Make this a habit

Why should you read The Daily Texan? This fall will bring a presidential election, the U.S. Supreme Court’s review of race-conscious admissions at the University of Texas at Austin, (which could have wholesale consequences for affirmative-action policies at every school in this country), a debate about hydraulic fracturing and whether it will relieve this country of dependence on foreign oil or push it into environmental chaos and action by the Texas governor to put this University on the untraveled path of striving for not better, but good enough.

The outcome of those stories will shape the world of UT students, including 8,000 incoming freshmen. Although transparently self-serving, we believe students should read about these stories regularly in The Daily Texan. Why the Texan? Although most newspapers besieged by the online overflow of information have undergone an identity crisis, serving students has consistently been the goal of the Texan.

For more than one hundred years, The Daily Texan has covered the campus, the current local, national and world events important to students and, on this page, the opinions of those students. The paper’s editor is elected annually by the student body, and previous Texan editors have been threatened with expulsion, impeachment, imprisonment and worse in the name of defending the paper. But throughout most of its history, the Texan has continued to print students’ ideas without interference, though numerous attempts to censor the paper have been made.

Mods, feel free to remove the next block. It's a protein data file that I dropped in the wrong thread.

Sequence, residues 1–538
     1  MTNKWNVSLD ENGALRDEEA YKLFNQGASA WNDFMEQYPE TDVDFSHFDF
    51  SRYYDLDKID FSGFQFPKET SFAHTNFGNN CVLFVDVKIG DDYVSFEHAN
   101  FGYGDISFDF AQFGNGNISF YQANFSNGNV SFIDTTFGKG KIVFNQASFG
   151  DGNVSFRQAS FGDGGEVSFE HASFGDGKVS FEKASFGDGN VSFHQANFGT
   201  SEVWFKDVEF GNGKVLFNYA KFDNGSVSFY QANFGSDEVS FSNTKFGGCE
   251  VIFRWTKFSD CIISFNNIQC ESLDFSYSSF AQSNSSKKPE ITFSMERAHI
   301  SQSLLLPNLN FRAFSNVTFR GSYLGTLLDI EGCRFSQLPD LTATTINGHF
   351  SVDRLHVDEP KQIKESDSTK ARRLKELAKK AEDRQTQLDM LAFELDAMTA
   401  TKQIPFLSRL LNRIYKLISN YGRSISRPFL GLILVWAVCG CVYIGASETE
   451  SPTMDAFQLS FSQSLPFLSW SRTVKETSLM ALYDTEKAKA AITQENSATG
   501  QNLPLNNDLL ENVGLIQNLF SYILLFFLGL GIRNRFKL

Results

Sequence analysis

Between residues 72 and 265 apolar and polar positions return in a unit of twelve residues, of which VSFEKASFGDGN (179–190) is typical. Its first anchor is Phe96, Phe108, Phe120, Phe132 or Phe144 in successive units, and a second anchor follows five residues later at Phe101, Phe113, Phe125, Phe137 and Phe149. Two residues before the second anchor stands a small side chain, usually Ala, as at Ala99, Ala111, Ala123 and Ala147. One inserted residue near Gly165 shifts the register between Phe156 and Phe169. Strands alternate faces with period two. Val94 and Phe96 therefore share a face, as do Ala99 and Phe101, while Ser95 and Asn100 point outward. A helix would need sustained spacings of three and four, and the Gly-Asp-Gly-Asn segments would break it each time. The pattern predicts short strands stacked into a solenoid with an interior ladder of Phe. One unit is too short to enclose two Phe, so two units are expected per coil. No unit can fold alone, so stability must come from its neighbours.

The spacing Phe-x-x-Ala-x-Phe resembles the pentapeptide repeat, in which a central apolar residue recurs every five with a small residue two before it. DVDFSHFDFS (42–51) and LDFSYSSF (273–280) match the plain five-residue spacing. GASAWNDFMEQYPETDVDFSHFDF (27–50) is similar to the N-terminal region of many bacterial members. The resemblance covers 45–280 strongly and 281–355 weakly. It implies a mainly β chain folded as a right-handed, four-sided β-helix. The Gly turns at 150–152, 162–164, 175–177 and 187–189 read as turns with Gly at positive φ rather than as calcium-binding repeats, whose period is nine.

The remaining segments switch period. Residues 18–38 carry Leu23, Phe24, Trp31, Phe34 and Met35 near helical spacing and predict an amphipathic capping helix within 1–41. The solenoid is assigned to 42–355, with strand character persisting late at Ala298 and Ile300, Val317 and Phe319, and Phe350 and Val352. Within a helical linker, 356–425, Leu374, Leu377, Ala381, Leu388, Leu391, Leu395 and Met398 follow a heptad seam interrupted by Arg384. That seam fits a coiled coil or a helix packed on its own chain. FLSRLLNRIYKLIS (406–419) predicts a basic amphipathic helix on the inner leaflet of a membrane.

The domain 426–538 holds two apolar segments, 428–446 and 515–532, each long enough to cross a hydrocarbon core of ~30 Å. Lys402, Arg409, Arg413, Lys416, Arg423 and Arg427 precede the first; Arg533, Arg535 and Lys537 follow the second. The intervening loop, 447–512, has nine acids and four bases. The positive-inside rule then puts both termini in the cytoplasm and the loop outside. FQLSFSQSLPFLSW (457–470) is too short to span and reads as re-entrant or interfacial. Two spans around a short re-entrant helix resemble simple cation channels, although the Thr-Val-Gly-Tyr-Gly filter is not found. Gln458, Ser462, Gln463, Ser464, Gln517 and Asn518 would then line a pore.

UT is big, and competing for your attention are a number of distractions other than the Texan, which, for all you know, could be put together by that kid in your French class who stopped showing up after the third day of class. But because this paper is published by your peers you can trust that its editors and reporters won’t try to sell you anything, won’t write to please a publisher or watch a bottom line tethered to page views and, like you, will fight to understand what it is they believe.

And while the easiest thing to do in college is put your ear buds in and opt out, choose instead to pick up the paper as you hustle to class or eat your dining hall breakfast of scrambled eggs served with an ice cream scoop. Submit a Firing Line when something you read in the Texan makes you good and angry, or a guest column when it dawns on you that you have something to say. Or even work for the Texan, where we hire writers, photographers, book reviewers, news reporters, videographers and others with good ideas and dogged attitudes about work.

The editors at the Texan try to engage the largest readership possible, and from time to time we may overlook certain features that are important to dedicated readers. We were reminded about a particular faction of our readership one evening when a reader left a screeching, five-minute long voicemail berating the paper’s editor for inadvertently printing an unsolvable puzzle. (The angry reader had been working at it all day.)

If that was you — and to all others — pick up the paper and read it for ideas about your school from your fellow students. After all, ideas and fellow students are the reasons you came to UT in the first place.